Conventional accepted RFs for CHD have never completely explained the prevalence of CHD in affluent populations. When the same RFs are measured in non-affluent and Indigenoust populations, they are present but do not explain the extent and consequences of CHD, that manifest as major reductions in life expectancy. Are there other contributing factors responsible for the increased prevalence and mortality?After all the majority of research is done in affluent caucasian populations. The list of RFs have remained unchanged for near 50-60 years: smoking, serum cholesterol, hypertension, DM, and treatment for these conditions may well be responsible for the reduction in annual CVD mortality but not prevalence. For a long time cardiology was not sure where OWOB fitted and so linked it to DM. The dogma from the USA was to reduce animal fat and cholesterol in the diet to help avoid CHD. If you have read other posts in my blog or numerous publications, including my Stone Agers in the Wrong Lane, this concept was entirely false and never proven to be the case. It was arguably the largest ‘con’ ever in medicine.Could this falsehood be playing a part in the caucasian, Indigenous CHD prevalence and the discrepancy in the caucasian RFs?
Providing cardiology services to the Indigenous in Northern Australia in the early 1990’s it was apparent to me they were not consuming animal fat or cholesterol in any quantity at all and I had a dietitian confirm that at Woorabinda.The animal sources of saturated fat and cholesterol due to cost, were rarely available to them on a benefit and too much of that was spent on tobacco and alcohol! Its difficult to consume large quantities of saturated fat in an average diet and more so on a benefit!!Total cholesterol, LDL levels did not reflect the extent of CHD morbidity and mortality in this cohort, who had at that time a life expectancy estimated at 20 years less than caucasians. If their CHD was due to cholesterol and LDL I would expect these two indices to be significantly elevated and frequently so. They were not!!! Triglycerides were commonly raised and the ‘good’ cholesterol, HDL was low!! We recognise these features now as CHO, Atherogenic Dyslipidemia, but not then. Because pre-diabetes, DM was common amongst the Indigenous, this dyslipidemia appeared to accompany them. At one time it was known as the Diabetic Dyslipidemia!!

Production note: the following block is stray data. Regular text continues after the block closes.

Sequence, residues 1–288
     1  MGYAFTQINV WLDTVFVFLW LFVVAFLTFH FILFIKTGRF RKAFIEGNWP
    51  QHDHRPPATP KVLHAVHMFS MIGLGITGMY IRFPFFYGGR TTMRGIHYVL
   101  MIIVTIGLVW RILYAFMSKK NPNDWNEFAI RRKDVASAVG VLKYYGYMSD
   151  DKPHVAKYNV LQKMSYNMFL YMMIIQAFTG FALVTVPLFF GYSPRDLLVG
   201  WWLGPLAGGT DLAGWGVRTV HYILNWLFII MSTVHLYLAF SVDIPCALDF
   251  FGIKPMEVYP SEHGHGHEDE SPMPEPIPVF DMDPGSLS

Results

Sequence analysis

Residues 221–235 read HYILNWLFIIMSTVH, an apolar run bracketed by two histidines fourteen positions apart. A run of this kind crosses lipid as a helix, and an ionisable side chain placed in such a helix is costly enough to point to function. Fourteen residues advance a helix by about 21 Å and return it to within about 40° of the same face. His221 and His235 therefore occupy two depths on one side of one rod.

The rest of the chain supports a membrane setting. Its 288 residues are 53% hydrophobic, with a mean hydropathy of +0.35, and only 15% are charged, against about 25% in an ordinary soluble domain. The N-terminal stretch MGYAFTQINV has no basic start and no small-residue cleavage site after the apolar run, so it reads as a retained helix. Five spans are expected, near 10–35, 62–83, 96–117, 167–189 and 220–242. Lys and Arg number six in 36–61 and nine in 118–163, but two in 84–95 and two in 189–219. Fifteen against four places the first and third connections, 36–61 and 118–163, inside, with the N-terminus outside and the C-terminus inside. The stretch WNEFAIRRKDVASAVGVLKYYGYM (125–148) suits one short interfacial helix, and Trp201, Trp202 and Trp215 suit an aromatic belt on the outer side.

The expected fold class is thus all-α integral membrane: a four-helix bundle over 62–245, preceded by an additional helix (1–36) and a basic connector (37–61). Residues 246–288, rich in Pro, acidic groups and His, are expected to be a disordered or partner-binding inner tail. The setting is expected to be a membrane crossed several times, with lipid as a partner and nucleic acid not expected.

In the early 1990’s features of the German PROCAM study were finding their way into the literature, looking at cardiology RFs in German men. There was one cohort of non-diabetic men with the triglyceride, HDL features and CHD. This was what I was witnessing in the Indigenous patients. What would German men and Indigenous in Australia have, or be experiencing, to share this lipid feature?
For me as a cardiologist, clinically involved with the Indigenous Australian, there were inconsistencies in the origin of their CHD, which was premature and extensive. The official dogma from the US and most ‘health’ bodies was that saturated fat and cholesterol was the dietary contributor to CHD and they would raise your serum cholesterol and LDL. Well the Indigenous cohort I was observing and clinically managing were not consuming saturated fat and cholesterol hardly and consistent with that, elevated cholesterol and LDL was not a feature of their lipid profile. Oops! But the elevation of TG’s and low HDL was a very common feature in their lipid profile. Could they be playing a part in Indigenous CHD? Up until the PROCAM data these indices had not convincingly been linked to CHD, although a low HDL was often seen in CHD.
The TG/HDL ratio was used by Endocrinologists as a measure of insulin resistance, seen in DM and Metabolic syndrome. DM prevelance in Indigenous Australian studies ranged between 10-15 %, but the TG/HDL feature was much more common. 80-90% of DM patients die of CHD. How much did smoking, OWOB, hypertension and the Metabolic Syndrome contribute to Indigenous CHD?
If cholesterol was to play any part in CHD, what type was it and where did it come from?It became apparent that CHO excess consumption was responsible for IR(insulin res) raised TG’s and lowered HDL. So animal fat and consumed cholesterol played no part. So if you had CHD, raised TG/HDL ratio and near normal, normal cholesterol and LDL, where did the LDL found in the artery lesions arise?
We now know the LDL that enters the artery is a small dense often oxidised variety that arises from the TG’s!!! So consumed saturated fat and cholesterol do not contribute to small dense LDL but can produce a large fluffy variety that does not enter the artery wall. Measuring smLDL is more available now and counting the number of LDL particles indicates the extent of CHD. At this stage, TG/HDL, with sdLDL is arguably our best indicator of CHD.
Method. Woorabinda and Bidgerdii Aboriginal medical centres in Central Queensland provided 803 adult participants.Dr.Tom Lynch provided all laboratory data pro bono. Hb, WBC, U/electrolytes, creatinine, glucose, LFT’s, lipid profile(cholesterol, LDL, HDL,TG) CMV antibody, and microalbuminuria. Weight, hip/waist was measured.